See What HealthDay Can Do For You
Contact Us

Westernization May Affect Asian Americans' Sun Habits

Survey finds westernization to be associated with beliefs regarding tanning, sunscreen use

THURSDAY, May 21 (HealthDay News) -- Among Asian Americans, greater adoption of Western culture may be associated with practices that promote sun exposure, according to research published in the May Archives of Dermatology.

Emily Gorell, of the Stanford University School of Medicine in California, and colleagues analyzed the results of a survey of 546 adults who self-identified as Asian American, which was conducted primarily online. Most were of Chinese, Taiwanese, Korean, Japanese, or mixed Asian descent.

Among Asian Americans who were second generation or greater, 60 percent reported a history of sunbathing, compared to 47 percent of first-generation respondents. In multivariate regression controlling for age and skin type, westernization was associated with the belief that having a tan was attractive, as well as negative beliefs regarding sunscreen and protective clothing.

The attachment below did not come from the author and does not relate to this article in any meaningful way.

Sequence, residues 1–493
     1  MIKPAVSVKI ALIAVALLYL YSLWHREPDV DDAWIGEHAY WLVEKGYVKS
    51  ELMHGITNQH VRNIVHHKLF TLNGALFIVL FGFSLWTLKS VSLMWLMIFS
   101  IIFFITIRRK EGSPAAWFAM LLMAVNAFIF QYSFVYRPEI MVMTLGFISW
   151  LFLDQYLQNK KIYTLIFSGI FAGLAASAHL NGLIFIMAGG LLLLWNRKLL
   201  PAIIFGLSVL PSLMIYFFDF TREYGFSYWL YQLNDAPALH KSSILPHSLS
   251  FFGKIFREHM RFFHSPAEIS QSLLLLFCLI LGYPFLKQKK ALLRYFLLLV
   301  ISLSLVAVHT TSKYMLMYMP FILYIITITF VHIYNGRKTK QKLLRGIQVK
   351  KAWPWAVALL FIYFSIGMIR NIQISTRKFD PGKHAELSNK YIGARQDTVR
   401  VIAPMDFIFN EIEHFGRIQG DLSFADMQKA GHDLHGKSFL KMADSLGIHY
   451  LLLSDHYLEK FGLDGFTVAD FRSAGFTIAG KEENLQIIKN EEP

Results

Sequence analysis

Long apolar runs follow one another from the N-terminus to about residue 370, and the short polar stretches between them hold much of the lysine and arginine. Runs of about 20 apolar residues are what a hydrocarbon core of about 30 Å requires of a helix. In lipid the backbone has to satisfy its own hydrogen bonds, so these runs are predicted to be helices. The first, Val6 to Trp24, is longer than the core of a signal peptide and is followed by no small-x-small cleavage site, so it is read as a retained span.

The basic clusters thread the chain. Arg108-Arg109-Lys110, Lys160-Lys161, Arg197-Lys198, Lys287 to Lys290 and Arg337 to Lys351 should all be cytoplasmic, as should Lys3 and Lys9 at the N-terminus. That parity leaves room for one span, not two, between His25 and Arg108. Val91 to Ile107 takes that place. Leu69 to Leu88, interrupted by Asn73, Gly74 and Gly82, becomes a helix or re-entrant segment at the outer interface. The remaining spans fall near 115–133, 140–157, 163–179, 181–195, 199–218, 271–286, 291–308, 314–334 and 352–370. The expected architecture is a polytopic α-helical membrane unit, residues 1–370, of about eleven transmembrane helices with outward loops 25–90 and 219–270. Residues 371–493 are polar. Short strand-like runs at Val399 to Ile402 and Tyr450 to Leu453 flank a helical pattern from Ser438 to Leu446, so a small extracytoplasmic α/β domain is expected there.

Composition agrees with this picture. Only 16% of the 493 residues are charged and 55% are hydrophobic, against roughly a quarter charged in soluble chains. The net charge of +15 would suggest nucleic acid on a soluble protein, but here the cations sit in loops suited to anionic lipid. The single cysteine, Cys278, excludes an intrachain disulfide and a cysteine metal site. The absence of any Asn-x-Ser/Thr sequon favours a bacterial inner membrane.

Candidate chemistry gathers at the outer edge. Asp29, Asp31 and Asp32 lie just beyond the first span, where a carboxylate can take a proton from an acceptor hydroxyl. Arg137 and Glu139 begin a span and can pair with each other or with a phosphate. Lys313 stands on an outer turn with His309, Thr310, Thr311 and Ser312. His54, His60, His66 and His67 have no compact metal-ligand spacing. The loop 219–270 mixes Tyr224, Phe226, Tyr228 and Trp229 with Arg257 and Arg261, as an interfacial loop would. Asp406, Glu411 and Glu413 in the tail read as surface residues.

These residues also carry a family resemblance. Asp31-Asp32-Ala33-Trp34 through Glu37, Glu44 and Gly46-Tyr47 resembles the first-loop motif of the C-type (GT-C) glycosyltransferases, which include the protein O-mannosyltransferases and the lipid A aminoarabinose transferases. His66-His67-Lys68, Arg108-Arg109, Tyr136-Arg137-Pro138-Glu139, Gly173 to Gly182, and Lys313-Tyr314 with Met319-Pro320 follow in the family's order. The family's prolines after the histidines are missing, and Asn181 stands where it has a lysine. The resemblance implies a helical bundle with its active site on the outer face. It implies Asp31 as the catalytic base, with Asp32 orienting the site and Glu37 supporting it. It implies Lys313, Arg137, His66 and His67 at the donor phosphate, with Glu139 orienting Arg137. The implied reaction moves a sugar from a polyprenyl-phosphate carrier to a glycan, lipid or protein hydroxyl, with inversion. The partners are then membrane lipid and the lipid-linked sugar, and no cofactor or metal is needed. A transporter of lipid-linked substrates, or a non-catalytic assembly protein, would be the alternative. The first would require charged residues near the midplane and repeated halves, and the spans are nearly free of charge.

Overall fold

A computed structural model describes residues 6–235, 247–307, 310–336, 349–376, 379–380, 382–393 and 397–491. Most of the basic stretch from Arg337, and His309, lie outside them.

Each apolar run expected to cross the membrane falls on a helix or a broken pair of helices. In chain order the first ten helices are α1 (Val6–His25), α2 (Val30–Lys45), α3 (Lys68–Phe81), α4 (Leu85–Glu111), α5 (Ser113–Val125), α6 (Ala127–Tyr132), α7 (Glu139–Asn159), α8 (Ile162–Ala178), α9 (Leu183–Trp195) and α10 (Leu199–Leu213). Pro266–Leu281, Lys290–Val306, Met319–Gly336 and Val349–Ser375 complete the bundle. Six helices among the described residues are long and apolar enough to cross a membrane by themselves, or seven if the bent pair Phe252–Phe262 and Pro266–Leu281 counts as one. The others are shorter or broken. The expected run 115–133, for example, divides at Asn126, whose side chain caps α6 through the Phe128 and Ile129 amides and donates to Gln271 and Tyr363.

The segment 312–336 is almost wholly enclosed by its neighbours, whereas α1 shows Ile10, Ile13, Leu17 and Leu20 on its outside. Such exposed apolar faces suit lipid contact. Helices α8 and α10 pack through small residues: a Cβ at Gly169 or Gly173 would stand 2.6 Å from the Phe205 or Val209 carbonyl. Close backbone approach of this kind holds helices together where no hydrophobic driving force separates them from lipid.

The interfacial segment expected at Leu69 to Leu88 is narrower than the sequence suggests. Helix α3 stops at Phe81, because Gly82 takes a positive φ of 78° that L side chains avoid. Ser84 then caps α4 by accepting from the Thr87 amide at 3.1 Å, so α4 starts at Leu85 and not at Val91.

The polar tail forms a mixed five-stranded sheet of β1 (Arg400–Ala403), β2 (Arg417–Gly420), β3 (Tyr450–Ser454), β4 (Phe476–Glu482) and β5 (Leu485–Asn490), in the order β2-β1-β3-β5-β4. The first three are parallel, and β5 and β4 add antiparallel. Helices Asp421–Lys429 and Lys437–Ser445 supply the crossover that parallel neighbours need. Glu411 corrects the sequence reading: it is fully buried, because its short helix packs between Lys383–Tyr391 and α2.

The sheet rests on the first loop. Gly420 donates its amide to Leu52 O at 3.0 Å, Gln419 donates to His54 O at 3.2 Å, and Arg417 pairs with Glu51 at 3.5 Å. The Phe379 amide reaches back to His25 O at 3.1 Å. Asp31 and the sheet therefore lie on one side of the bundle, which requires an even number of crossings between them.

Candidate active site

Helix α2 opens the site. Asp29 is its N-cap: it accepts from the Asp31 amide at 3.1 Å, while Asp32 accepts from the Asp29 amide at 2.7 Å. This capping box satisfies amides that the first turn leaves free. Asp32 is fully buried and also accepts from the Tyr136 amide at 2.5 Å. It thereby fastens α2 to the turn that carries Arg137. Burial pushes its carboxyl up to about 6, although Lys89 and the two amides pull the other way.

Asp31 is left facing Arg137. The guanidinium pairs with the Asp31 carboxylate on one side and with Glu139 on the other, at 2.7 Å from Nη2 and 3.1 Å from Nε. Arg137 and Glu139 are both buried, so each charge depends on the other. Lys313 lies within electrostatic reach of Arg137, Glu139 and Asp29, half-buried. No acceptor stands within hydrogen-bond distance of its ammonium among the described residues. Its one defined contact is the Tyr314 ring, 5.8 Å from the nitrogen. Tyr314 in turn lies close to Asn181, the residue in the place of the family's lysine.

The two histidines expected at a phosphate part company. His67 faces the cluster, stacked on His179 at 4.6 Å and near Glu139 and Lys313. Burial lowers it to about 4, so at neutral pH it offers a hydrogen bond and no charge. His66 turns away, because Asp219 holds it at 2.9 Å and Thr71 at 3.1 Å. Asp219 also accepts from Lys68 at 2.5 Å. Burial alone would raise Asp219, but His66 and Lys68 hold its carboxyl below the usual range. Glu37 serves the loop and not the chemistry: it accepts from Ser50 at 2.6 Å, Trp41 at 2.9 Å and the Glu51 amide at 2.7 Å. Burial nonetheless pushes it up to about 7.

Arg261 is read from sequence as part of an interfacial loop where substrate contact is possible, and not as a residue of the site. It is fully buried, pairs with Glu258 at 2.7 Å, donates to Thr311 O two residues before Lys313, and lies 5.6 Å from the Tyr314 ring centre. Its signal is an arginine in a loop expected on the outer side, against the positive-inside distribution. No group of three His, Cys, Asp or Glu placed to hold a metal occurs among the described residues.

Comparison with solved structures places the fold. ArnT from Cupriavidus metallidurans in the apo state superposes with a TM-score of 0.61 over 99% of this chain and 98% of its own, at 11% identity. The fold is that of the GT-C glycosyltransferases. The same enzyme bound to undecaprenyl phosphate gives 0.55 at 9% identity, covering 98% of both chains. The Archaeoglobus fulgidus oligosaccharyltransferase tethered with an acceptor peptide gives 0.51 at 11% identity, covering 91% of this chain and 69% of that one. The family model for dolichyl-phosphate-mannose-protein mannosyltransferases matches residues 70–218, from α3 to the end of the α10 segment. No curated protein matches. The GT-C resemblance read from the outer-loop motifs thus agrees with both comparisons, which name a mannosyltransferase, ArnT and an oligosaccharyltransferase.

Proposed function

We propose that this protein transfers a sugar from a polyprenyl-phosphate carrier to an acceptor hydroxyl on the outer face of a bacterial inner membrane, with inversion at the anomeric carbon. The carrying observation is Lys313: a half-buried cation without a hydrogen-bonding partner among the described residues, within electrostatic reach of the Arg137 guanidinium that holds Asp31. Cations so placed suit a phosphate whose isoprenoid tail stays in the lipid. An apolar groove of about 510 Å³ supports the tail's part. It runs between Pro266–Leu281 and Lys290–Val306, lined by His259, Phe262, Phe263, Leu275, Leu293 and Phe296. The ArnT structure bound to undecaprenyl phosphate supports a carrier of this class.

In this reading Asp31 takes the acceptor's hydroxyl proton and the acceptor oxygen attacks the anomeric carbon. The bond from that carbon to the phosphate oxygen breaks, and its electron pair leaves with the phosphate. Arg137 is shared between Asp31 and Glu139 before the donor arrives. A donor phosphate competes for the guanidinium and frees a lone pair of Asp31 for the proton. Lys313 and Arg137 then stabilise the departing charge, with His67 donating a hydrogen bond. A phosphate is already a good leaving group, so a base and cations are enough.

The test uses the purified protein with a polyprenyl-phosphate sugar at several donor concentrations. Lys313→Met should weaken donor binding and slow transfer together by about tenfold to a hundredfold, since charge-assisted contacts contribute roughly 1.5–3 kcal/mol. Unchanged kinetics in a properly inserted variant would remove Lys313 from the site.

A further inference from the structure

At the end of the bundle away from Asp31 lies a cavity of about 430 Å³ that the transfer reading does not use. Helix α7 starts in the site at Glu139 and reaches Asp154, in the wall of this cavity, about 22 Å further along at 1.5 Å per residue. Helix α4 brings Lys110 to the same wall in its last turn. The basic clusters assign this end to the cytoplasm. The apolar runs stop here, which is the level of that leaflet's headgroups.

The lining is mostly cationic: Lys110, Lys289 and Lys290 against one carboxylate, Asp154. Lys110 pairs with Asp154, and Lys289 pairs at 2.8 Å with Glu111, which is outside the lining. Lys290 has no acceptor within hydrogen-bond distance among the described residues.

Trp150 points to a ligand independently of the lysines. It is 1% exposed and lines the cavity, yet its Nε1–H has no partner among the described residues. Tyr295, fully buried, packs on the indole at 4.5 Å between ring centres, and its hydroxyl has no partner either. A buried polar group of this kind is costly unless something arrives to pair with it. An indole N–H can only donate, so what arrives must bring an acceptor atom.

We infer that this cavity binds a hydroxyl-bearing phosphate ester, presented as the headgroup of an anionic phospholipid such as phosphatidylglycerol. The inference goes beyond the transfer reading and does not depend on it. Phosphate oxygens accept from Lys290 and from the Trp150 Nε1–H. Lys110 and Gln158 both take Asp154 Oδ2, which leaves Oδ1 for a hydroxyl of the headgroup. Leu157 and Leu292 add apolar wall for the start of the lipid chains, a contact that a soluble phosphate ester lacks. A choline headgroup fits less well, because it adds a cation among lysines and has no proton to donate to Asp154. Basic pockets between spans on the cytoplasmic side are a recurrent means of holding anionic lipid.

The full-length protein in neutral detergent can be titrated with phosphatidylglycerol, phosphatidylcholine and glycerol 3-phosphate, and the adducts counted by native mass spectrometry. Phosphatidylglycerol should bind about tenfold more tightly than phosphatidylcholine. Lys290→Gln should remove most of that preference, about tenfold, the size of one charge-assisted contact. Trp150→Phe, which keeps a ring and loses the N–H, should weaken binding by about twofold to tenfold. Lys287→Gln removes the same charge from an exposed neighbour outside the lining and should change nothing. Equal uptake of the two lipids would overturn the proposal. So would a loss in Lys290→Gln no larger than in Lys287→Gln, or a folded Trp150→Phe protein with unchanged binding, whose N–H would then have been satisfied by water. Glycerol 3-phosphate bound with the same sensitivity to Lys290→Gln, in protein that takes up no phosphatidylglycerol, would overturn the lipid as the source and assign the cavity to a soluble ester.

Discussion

"In light of recent evidence pointing to the increasing incidence of skin cancers among Asian populations, as well as delays in diagnosis of skin cancer in part because of a lowered index of suspicion by health care providers and by Asian Americans, dermatologists and other health care providers in the United States should increase their education efforts about sun exposure, sun protection, and skin cancer targeted at this growing minority group," the authors conclude.

A co-author reported connections with NuSkin International and Spiracur Inc.

Full Text (subscription or payment may be required)

Physician's Briefing


HealthDay is the world’s largest syndicator of health news and content, and providers of custom health/medical content.

Consumer Health News

A health news feed, reviewing the latest and most topical health stories.

Professional News

A news feed for Health Care Professionals (HCPs), reviewing latest medical research and approvals.